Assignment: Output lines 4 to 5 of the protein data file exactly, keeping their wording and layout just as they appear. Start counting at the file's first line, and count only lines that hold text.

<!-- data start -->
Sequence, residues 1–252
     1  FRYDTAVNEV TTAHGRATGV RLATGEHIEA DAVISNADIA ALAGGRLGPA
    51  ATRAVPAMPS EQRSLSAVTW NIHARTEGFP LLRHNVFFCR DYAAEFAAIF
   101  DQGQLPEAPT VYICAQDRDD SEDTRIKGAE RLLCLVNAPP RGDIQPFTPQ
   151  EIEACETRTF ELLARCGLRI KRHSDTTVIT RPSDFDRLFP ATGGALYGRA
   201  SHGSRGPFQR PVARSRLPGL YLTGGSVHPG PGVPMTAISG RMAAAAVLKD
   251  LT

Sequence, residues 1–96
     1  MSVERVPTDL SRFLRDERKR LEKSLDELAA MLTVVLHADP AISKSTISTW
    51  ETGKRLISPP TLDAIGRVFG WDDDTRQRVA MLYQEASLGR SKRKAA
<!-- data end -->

   101  DQGQLPEAPT VYICAQDRDD SEDTRIKGAE RLLCLVNAPP RGDIQPFTPQ
   151  EIEACETRTF ELLARCGLRI KRHSDTTVIT RPSDFDRLFP ATGGALYGRA